Deirdre’s short dance film ‘Lucia Joyce: Full Capacity’, starring Evanna Lynch, premiered in 2019 at Bloomsday Trieste, followed by Kerry International Film Festival, a Special Funders’ Event at MoLI Dublin, and the Richard Harris International Film Festival, Limerick, where Evanna was nominated for Best Actor in a Female Role.  In 2020 the film featured in Dublin’s Bloomsday Festival, at IFF International Film Festival, Elysium Gallery, Swansea, Waterford Film Festival; MexIndex “Displacements” curated by Richard Ashrowan; ThinkND Kylemore Bookclub with Declan Kiberd, and in Paul Muldoon’s Princeton University FÍS series. In 2021 the film featured at Rejkavik Feminist Film Festival, and Light Moves Festival of Screendance (Sept 27 – 30). In 2022 it was selected for Bloomsday Film Festival’s opening programme “Brief Encounters: New Joycean Shorts”, at the Irish Film Institute.   


In 2017, Deirdre produced and directed “TRUE NORTH: Paud Mulrooney’s Irish-Canadian Adventures in Super 8” a short documentary featuring her father’s Super 8 films from the 1970s and 1980s offering a rare glympse into life on remote First Nations Reserves in North Ontario, where her parents ran the local schools.  The film has been widely screened internationally, from the 2021 Association of Canadian Studies Ireland “Borders & Beyond’ Conference, to the 2020 Canadian Independent Film Festival; the 2019 Richard Harris International Film Festival (Nominee, Best Documentary Category); the 2018 Belgrade-Irish Festival; a 2017 Canada Day screening at The Dark Room, Dublin; an August 2017 post Pow Wow Screening in Ogoki Post, North Ontario; and most recently a screening and talk at Grenfell Art Gallery as part of Dr. Shoshannah Ganz’s Fall 2021 English programme at Memorial University, Newfoundland.

In 2018 while Craig Dobbin Visiting Professor of Canadian Studies at UCD, renowned Canadian novelist Jane Urquhart screened ‘True North’ for her Canadian Studies class, and commented:

“I personally found your elegiac film very moving, and that the coming together of your Irish parents and their children, with the people of the Aboriginal community and their children, shows how authentic respect for Aboriginal traditions can build relationships and enrich the lives of everyone involved.”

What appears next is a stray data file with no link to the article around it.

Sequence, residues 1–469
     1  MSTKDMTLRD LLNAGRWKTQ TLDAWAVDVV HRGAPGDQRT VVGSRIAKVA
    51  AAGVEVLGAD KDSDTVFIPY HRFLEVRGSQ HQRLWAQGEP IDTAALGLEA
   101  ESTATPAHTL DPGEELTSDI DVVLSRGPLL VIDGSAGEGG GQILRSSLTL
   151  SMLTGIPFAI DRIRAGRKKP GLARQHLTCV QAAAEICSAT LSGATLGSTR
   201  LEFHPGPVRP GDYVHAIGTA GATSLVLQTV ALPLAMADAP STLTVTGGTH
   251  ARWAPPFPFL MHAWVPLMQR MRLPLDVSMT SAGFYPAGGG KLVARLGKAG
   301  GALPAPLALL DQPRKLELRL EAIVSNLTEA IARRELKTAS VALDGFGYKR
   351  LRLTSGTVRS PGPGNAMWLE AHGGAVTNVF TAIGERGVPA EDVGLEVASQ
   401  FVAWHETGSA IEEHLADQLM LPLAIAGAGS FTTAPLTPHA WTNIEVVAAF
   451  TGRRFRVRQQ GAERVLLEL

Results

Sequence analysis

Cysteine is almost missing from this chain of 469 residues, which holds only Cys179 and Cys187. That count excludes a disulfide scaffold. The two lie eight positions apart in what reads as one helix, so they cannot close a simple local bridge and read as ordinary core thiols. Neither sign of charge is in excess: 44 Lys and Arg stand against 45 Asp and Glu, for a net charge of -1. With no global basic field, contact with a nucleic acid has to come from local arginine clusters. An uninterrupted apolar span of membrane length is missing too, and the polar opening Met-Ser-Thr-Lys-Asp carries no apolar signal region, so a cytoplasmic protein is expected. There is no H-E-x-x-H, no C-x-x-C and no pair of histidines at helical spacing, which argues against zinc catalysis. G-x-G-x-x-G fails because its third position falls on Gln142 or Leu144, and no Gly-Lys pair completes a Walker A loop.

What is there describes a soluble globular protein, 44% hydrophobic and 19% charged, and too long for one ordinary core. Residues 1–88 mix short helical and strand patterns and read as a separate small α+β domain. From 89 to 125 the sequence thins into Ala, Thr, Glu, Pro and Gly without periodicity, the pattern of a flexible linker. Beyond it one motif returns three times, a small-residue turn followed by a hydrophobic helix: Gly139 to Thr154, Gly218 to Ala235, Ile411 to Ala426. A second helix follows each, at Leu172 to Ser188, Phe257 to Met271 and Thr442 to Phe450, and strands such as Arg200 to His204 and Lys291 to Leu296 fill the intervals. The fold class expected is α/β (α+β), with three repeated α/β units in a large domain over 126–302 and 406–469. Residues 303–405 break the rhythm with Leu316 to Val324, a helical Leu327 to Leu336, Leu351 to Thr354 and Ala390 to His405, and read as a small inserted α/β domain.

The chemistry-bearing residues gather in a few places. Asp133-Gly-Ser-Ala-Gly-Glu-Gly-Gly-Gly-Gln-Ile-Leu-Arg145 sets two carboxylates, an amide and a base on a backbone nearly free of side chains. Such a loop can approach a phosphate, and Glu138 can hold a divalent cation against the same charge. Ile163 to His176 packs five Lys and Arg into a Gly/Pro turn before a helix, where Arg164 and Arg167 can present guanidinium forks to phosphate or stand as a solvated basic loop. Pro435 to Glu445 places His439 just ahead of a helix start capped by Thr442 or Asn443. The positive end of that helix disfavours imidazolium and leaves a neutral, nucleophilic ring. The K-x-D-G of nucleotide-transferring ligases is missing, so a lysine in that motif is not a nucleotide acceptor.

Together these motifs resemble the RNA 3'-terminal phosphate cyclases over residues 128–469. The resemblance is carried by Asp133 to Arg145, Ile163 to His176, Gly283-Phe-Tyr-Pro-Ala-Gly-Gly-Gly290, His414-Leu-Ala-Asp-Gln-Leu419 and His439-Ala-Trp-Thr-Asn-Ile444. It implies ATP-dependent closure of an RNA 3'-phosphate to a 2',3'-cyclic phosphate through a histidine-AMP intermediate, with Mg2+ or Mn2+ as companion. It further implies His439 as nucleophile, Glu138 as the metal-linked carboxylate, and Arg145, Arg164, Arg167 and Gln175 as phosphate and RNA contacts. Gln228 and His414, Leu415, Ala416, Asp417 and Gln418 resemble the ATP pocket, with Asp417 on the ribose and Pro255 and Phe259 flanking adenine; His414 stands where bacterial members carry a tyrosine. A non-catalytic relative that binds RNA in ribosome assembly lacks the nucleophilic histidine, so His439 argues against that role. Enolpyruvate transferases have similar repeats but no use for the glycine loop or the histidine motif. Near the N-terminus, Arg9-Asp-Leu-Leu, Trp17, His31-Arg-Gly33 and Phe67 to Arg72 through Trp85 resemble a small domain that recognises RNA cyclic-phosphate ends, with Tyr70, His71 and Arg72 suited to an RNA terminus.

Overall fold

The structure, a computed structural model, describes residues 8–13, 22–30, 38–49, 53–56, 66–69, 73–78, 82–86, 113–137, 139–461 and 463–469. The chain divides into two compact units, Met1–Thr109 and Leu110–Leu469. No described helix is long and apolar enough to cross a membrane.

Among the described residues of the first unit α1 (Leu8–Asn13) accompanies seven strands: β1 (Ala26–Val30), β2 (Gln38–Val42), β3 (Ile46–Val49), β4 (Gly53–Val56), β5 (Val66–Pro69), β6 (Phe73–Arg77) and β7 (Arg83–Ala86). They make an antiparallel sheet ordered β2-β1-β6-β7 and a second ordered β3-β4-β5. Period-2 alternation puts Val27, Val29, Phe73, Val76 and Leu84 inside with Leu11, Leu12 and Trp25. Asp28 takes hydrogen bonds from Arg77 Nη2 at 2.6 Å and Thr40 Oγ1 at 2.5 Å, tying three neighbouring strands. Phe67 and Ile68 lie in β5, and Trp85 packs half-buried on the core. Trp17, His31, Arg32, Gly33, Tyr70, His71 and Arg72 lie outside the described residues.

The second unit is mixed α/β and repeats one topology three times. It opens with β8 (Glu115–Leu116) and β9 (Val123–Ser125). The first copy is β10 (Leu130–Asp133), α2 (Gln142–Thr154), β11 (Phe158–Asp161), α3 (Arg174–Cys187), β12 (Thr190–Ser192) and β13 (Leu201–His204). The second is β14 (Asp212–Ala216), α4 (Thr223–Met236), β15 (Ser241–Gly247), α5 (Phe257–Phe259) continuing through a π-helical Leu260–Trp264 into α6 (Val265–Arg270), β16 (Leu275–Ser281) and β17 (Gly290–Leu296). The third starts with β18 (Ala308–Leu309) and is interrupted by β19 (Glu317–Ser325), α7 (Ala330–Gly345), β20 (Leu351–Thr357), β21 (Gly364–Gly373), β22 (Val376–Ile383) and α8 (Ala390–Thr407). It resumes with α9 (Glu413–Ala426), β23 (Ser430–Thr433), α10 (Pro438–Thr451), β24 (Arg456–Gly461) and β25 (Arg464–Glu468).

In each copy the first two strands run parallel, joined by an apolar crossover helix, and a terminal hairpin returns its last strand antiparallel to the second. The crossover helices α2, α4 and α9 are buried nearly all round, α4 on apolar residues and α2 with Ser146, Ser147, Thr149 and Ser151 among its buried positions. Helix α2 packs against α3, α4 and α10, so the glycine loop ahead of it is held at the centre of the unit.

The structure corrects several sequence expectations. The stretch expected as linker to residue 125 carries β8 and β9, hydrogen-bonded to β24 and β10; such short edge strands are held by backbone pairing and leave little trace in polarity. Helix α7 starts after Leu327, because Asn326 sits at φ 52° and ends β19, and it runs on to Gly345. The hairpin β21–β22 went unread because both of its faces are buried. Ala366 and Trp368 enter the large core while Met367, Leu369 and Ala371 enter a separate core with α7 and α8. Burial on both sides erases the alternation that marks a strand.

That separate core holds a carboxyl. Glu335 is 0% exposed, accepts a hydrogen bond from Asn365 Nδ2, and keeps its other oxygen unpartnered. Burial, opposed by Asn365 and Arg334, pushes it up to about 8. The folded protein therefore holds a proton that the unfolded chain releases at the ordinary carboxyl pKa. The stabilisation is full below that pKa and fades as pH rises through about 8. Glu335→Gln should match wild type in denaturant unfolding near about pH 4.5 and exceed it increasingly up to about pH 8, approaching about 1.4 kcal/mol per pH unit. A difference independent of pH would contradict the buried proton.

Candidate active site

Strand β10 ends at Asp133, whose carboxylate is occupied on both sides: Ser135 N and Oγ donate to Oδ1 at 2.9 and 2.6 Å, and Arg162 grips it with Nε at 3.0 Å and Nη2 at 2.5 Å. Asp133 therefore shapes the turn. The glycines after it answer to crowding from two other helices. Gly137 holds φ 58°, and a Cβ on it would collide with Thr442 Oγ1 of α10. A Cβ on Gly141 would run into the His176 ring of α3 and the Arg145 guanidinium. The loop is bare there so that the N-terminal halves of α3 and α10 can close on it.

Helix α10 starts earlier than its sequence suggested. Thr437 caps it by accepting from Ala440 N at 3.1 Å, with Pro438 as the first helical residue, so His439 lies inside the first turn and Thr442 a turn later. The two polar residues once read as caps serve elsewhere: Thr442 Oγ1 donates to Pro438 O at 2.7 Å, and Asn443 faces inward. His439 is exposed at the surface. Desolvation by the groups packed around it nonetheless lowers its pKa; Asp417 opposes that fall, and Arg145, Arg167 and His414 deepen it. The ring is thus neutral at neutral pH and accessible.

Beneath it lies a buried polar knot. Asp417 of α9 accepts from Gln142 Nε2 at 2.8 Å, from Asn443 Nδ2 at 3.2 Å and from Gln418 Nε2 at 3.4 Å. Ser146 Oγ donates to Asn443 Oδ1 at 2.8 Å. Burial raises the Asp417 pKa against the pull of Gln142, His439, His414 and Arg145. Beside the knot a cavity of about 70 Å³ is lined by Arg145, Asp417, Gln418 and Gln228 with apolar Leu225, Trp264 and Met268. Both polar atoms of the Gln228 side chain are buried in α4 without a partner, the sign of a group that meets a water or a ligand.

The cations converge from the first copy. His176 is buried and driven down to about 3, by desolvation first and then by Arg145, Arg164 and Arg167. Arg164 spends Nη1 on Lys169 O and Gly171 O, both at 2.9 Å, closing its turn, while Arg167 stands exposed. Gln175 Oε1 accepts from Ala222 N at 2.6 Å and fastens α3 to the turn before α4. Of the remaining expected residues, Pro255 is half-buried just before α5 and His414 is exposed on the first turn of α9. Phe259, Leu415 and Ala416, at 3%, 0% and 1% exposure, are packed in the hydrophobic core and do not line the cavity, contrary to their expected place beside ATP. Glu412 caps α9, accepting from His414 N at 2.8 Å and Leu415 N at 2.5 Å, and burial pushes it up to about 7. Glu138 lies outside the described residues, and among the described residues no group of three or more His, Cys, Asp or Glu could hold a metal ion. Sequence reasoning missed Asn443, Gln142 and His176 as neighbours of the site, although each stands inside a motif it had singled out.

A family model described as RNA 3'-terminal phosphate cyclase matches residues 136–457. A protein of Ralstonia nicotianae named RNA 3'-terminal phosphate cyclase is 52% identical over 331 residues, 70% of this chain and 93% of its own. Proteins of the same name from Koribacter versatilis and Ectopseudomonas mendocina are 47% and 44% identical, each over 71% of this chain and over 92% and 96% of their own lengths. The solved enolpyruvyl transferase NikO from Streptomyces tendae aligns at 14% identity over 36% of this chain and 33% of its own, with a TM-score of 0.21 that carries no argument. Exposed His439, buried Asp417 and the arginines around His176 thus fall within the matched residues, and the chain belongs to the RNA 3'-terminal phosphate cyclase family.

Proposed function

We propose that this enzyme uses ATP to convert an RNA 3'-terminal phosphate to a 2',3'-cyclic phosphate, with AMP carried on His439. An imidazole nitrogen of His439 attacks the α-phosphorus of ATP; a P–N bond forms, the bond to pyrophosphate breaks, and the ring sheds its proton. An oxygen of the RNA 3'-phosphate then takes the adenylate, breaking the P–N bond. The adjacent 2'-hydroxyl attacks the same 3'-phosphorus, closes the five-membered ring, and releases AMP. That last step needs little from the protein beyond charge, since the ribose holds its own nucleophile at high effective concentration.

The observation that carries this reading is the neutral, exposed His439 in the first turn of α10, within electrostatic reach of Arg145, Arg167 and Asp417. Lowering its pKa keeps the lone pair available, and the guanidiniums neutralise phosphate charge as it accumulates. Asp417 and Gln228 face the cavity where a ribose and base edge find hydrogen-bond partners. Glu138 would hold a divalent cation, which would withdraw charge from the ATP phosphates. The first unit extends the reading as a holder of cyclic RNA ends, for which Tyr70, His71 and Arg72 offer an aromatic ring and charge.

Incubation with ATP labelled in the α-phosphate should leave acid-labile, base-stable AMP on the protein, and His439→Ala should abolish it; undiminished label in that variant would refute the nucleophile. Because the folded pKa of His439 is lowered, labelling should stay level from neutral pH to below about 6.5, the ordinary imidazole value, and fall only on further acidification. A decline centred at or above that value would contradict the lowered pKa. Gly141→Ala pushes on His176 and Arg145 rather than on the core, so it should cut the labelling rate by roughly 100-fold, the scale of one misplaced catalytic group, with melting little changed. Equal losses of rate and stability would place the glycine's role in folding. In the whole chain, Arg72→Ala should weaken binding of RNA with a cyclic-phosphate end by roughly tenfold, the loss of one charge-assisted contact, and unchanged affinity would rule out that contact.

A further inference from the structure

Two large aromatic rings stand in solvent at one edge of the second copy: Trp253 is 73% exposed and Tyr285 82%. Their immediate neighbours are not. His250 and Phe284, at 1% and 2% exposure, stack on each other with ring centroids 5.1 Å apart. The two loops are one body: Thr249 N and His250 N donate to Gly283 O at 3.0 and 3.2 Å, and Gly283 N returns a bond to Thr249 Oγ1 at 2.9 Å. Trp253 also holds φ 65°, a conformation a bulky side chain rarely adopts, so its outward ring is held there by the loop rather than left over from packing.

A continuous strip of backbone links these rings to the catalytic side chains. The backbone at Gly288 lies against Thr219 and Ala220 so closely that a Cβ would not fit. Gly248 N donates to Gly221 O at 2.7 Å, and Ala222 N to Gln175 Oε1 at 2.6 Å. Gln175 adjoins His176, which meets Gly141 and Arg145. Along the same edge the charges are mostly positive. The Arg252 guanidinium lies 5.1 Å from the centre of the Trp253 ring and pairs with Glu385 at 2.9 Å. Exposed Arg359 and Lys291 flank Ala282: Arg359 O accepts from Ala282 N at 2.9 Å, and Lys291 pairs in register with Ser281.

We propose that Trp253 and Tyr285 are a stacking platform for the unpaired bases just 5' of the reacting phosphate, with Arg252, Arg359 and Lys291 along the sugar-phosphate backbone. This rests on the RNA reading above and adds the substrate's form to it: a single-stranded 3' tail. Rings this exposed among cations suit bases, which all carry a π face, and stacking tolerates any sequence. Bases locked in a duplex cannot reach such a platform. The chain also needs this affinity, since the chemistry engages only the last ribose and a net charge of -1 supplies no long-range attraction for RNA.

In 2017 Deirdre also produced and directed a short film about Colin Davidson’s exhibition “Jerusalem” for Oliver Sears Gallery.  (John Hewitt School, 2017; 92Y, NYC).

Deirdre’s film “1943 – A Dance Odyssey” was first broadcast on RTÉ One on Easter Monday 2013. Screenings included Bealtaine Festival 2013 (Ballymun Axis Theatre); Galway Culture Night 2013 (Druid Theatre); Galway Film Fleadh 2014; Dublin Festival of History 2016 (Pearse Street Library), and a Gala reunion screening at Trinity College Dublin’s Samuel Beckett Theatre hosted by Ruth Barton, in 2015.

Once upon a time, during World War Two (or “The Emergency”, as it was known in Ireland), enigmatic Irish-German woman Erina Brady brought cutting edge Modern Dance to Ireland, from Germany. A forgotten reel of film by Irish film industry founder Liam O’Laoghaire immortalised the mysterious modern dancer teaching her tiny pupils in her Harcourt Street Studio and dancing freely in the open air in his 1943 gem of a film, “Dance School”.

Setting eyes on this rare footage for the first time, 1943 – A Dance Odyssey brings five of Brady’s former tiny tots on an odyssey to a bygone era in her enchanted Irish School of Dance Art studio.

Seventy years on, 1943 – A Dance Odyssey, explores who were these dancing tiny tots, attempting an arabesque, and stretching out their little limbs in barefoot dance of expression? Where did the dance of life take them?

Unlocking fond memories of those extraordinary classes the women share how the modern dance pioneer influenced their lives, and opened them up to a lifetime of creativity.